In lieu of an abstract, here is a brief excerpt of the content:

Reviewed by:
  • Robert Owen’s Experiment at New Lanark: From Paternalism to Socialism by Ophélie Siméon
  • Mark Allison
Ophélie Siméon. Robert Owen’s Experiment at New Lanark: From Paternalism to Socialism.
Cham, Switzerland: Palgrave Macmillan, 2017. ix + 173 pp. Cloth, $109.99, isbn 978-3-319-64226-0.

In a striking formulation, Ophélie Siméon describes her study as “an intellectual biography through a sense of place” (9). The subject of the intellectual biography is Robert Owen (1771–1858), the enlightened manufacturer turned universal reformer—and the father of British socialism. The place is the New Lanark Mills, the idyllic Clydeside factory village Owen superintended from 1800 to 1825. Owen’s spectacular entrepreneurial and humanitarian successes as a paternalistic manager served as the springboard for his subsequent career as a radical activist and socialist pioneer. Concomitantly, the prosperity and happiness of the New Lanark community during his tenure provided “a founding myth of British socialism” (6). Siméon’s project is to replace this myth of New Lanark with a fine-grained account of the reciprocal relationship between Owen’s incipient “social system” (later “socialism”) and the milieu in which it took shape (9). And she succeeds admirably at this project.

Marshaling an impressive array of archival evidence, Siméon demonstrates that New Lanark was not simply a passive “receptacle” for Owen’s reformist innovations, as his own writings suggest (9). Rather, the factory colony was simultaneously a “laboratory” for Owen to develop his system through trial and error and “a major source of inspiration” for ideas and institutions that would subsequently characterize his communitarian socialism [End Page 418] (8, 9). While the latter fact has been recognized by previous scholars, Siméon is the first to offer a detailed investigation that spans Owen’s quarter-of-a-century association with New Lanark. This long perspective enables her to draw numerous, persuasive connections between specific features of Owenite socialism and their antecedents at the factory village.

For example, the iconic “labour notes” that Owen advocated as an alternative to government-issued currency has a clear precursor in the “tickets for wages” utilized at New Lanark (98). Similarly, the committee representation system that Owen proposed to govern his communitarian settlements closely resembles the neighborhood delegate structure he implemented at the factory colony. More familiarly, the Institution for the Formation of Character (a school with an unprecedentedly expansive curriculum for laboring-class children) and the company store (which, by buying in bulk, was able to sell goods at wholesale prices) were a perennial source of inspiration for Owenites and economic co-operators.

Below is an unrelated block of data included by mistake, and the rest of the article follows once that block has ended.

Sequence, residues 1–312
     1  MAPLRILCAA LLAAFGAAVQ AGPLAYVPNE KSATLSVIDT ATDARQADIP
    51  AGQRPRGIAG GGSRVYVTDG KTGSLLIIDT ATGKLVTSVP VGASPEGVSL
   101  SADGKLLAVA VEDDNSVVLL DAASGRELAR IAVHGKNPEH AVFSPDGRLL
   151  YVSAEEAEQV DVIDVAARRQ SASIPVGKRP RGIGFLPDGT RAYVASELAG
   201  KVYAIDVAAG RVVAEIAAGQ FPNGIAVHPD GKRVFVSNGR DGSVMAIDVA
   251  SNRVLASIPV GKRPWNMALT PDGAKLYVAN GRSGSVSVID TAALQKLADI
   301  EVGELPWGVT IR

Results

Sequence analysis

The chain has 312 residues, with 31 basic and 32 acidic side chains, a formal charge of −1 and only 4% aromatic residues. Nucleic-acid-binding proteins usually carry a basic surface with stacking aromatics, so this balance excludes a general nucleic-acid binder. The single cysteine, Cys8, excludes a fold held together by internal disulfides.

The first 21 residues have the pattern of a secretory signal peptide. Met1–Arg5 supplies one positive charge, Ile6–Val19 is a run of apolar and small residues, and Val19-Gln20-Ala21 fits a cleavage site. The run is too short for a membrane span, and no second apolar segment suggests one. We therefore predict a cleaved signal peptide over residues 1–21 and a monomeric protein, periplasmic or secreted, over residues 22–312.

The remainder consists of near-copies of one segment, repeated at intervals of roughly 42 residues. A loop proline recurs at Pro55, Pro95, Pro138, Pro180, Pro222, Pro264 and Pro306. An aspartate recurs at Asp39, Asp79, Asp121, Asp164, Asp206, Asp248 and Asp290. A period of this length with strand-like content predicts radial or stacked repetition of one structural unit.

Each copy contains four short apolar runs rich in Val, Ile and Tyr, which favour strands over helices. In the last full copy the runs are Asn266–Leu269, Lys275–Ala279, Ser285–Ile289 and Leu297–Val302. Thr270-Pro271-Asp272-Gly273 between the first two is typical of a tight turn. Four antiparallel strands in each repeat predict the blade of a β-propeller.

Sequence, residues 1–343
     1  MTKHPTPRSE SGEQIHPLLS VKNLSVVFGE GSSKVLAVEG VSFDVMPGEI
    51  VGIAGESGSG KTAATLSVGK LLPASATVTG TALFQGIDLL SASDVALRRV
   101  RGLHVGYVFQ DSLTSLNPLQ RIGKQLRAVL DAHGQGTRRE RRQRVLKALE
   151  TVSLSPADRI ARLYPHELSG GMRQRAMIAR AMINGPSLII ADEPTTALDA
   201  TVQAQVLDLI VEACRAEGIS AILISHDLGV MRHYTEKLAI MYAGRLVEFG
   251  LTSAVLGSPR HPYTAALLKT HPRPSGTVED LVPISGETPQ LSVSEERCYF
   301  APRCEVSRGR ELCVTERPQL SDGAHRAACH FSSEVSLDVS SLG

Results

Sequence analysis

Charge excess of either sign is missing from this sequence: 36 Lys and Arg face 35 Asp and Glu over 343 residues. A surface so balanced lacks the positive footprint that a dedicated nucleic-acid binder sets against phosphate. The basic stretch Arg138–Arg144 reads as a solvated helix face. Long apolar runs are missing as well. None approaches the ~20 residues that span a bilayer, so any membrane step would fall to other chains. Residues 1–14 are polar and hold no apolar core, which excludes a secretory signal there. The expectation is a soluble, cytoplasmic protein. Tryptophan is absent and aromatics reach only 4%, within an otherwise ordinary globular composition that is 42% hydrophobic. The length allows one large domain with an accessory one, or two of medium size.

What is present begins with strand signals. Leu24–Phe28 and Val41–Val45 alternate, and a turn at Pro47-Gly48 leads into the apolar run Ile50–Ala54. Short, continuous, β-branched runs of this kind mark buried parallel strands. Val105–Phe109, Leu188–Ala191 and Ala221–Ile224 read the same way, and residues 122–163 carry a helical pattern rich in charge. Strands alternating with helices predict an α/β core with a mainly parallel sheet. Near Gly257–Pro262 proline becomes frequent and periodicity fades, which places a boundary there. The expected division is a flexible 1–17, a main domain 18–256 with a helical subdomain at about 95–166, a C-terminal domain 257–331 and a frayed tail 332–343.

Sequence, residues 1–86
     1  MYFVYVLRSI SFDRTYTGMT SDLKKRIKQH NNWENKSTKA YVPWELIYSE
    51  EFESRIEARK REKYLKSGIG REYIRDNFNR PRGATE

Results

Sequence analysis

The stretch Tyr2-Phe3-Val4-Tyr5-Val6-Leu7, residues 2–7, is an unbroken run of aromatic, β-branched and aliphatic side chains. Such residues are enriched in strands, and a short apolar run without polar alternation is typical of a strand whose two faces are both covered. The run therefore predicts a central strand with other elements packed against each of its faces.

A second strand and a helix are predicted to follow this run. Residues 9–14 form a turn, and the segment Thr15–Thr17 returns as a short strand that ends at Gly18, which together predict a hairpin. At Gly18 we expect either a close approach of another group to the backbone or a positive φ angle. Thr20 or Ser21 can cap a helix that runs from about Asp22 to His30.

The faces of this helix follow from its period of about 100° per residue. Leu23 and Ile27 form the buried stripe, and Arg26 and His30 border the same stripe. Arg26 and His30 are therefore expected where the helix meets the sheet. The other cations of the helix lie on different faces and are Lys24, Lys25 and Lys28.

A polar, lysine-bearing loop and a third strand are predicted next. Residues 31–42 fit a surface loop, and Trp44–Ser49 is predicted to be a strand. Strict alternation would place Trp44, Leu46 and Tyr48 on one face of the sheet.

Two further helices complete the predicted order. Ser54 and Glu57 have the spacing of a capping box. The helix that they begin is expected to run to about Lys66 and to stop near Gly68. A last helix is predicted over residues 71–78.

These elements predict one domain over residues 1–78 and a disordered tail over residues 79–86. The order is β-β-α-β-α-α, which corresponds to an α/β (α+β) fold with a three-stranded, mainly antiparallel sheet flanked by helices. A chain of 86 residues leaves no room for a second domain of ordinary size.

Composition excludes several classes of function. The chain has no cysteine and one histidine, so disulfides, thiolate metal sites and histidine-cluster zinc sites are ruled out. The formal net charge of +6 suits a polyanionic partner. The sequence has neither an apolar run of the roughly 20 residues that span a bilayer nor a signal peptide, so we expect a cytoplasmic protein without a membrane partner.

In keeping with her intention to resist the “dominant, Owen-centric” myth of New Lanark, Siméon devotes considerable attention to the contributions of David Dale, the “driving force in planning the village in the early days” and Owen’s eventual father-in-law (10, 26). Significantly, the village was conceived from its inception “as a fully-fledged community,” not a “mere appendage to its cotton mills” (13). Moreover, New Lanark was already exceptional for the amenities it offered its workers before Owen assumed control in 1800. Even the educational provision Dale provided his operatives’ children was “remarkable for its day” (36). I was surprised to learn that this provision included an infant school, an innovation frequently attributed to Owen himself.

Given that Owenite socialism is built upon communitarianism and “character formation” (i.e., education, expansively conceived), what Owen found at New Lanark would have strongly reinforced his own intuitions. But to demythologize need not be to debunk, and Siméon accords Owen the credit he deserves for transforming New Lanark into a factory community “unparalleled in terms of working and living conditions” (160).

From my perspective, two of Siméon’s additional claims deserve special emphasis. First, she demonstrates that the New Lanark population increasingly resented—and resisted—Owen’s efforts to subsume their personal and familial identities into the larger communal whole he envisioned (70). She observes that “conflict arose among the workforce whenever it was felt that [End Page 419] Owen had stepped outside his legitimate, customary sphere of influence to intrude on territory, whether actual or symbolic, that workers claimed as...


Additional Information

Print ISSN
pp. 418-420
Launched on MUSE
Open Access
Back To Top

This website uses cookies to ensure you get the best experience on our website. Without cookies your experience may not be seamless.